Not that precision has no virtues: Like meditation, like hado breathing, like many other mental and physical exercises, it can strengthen focus. Placing your Reiki hands just so on someone’s body; sending distant healing just so; drawing the symbols just so, and in an exact series of patterns; performing attunements just so, and so on, can be part of the “work hard” Principle that helps you develop the inner and outer focus you need to proceed on your Reiki path. But becoming attached to doing things just so, rather than seeing the need for compassion and evolution, or even worse, attacking those who seek or practice a different way, is to become attached to the rigidity of the law and to abandon God’s children.

If you find yourself straying in this direction, ask yourself: What are you really afraid of? That your Reiki isn’t as “good” or as “powerful” as someone else’s Reiki? Then bring your attention back to the recitation and practice of the Reiki Principles. They are the broom, the wind, that will sweep your heart and mind and soul clean.

Just for today, practice the Principles.

Anger management. July 18, 2012

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“Just for today, don’t get angry.” I’m sure all you Reiki people recognize this (or your favorite translation of it) as one of Usui Founder’s Five Reiki Principles (aka Precepts, Ideals). But for many of us, that’s a lot easier said than done. If you struggle with anger management, perhaps you’ll be inspired by someone who was able to conquer his anger and channel it into something more productive. I have a feeling you’ll recognize the name!

“I have learned through bitter experience the one supreme lesson, to conserve my anger, and as heat conserved is transmuted into energy, even so our anger controlled can be transmuted into a power that can move the world.”

                             —Mahatma Gandhi

Gandhiji certainly moved—and changed—the world by turning his anger into a movement for freedom based on ahimsa, the principle of nonviolence. So did the Reverend Martin Luther King, Bishop Desmond Tutu, and many others who spoke and speak from a place of love rather than hate, from compassion rather than anger, from a desire for justice rather than revenge.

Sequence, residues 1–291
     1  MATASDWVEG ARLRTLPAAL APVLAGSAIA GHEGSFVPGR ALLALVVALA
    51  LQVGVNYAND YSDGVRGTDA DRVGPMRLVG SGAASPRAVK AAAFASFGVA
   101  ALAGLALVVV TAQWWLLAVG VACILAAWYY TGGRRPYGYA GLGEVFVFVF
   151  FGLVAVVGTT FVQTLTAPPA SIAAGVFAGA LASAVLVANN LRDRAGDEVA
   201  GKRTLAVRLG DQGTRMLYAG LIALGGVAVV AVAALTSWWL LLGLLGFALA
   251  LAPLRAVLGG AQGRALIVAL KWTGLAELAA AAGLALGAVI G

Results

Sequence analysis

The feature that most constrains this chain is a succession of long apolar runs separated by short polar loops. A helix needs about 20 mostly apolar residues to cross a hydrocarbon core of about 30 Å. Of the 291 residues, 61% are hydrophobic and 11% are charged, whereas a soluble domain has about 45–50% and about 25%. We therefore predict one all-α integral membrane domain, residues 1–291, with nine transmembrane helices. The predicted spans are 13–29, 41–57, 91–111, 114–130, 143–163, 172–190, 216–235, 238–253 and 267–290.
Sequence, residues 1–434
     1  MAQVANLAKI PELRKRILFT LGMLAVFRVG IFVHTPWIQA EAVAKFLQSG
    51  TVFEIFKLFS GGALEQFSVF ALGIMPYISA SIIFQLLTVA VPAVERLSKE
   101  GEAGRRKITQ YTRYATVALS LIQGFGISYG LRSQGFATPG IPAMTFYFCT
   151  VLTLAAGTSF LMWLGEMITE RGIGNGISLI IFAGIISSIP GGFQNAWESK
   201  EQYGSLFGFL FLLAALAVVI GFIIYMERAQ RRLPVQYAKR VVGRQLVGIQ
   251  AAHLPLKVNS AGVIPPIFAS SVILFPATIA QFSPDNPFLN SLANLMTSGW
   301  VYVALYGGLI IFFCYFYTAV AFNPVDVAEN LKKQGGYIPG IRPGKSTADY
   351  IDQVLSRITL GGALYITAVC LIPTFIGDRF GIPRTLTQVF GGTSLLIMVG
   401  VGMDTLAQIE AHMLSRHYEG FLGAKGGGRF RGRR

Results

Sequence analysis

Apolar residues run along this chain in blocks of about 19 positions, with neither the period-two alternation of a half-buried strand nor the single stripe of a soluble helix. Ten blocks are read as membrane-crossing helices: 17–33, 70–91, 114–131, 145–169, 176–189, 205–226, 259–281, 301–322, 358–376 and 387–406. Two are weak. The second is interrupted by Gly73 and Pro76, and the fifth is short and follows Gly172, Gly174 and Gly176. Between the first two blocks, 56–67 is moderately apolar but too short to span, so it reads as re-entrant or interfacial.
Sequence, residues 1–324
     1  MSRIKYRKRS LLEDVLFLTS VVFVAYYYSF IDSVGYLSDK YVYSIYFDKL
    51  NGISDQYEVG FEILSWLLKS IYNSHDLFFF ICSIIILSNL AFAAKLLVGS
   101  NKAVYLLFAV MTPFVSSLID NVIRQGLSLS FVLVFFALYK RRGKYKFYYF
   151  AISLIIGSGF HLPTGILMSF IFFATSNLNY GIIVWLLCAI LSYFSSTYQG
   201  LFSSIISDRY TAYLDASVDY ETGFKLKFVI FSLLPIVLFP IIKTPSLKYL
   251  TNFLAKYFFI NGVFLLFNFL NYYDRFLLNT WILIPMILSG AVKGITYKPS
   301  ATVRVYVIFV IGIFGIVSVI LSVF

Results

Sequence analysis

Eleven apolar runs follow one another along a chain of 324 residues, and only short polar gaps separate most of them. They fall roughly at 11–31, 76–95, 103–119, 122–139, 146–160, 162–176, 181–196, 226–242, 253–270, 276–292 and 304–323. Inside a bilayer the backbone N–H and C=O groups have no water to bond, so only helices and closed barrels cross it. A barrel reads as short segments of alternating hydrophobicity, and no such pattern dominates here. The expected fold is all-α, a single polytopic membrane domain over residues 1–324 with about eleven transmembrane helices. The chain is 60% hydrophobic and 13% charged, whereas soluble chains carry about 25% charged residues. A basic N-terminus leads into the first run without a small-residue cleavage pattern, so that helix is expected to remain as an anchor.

Since Reiki people are healers, we see and hear a lot to get angry about: people suffering psychological scars, abused and abandoned pets, people who seem to be suffering needless physical trauma, the abuses heaped on our beautiful planet by unrestrained population growth and greed. And of course we have our own tempers to deal with at home.

But rather than expending our energy in fruitless anger, which helps no one and can harm others (and ourselves), those of us on the Reiki path should try to think, when anger arises, where we can channel that energy so it can do good. Maybe we can start small—cleaning the house, paying bills, going for a walk, organizing files in our office, weeding and watering the garden. Or channel that adrenaline rush into shaping a project we’ve long had in mind: creating a blog or website, writing a novel, researching and writing a book on Reiki, investigating ways to start or expand our Reiki practice, learning a new language or a new skill. Eventually, we might come up with a way to move our community, or even the world.

Remember above all, as Usui Founder could have told us, that anger is a choice, not a given. How we respond to any provocation—or, for that matter, any situation—is ultimately up to us. If we can train ourselves to shine the bright light of understanding and compassion on the causes of our anger, ultimately it will cease to arise, and then at last we’ll be able to live up to Dr. Usui’s hopes for us.

Just for today, don’t get angry.

Excerpted from Living Reiki. All original content © copyright Red Dog Reiki. All rights reserved.

An eye for an eye. December 8, 2011

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“An eye for an eye makes the whole world blind,” Mahatma Gandhi so wisely said. Who could argue with his wisdom? And yet, sometimes it’s hard not to wish for repayment in kind, especially when someone’s charged with preying on the helpless.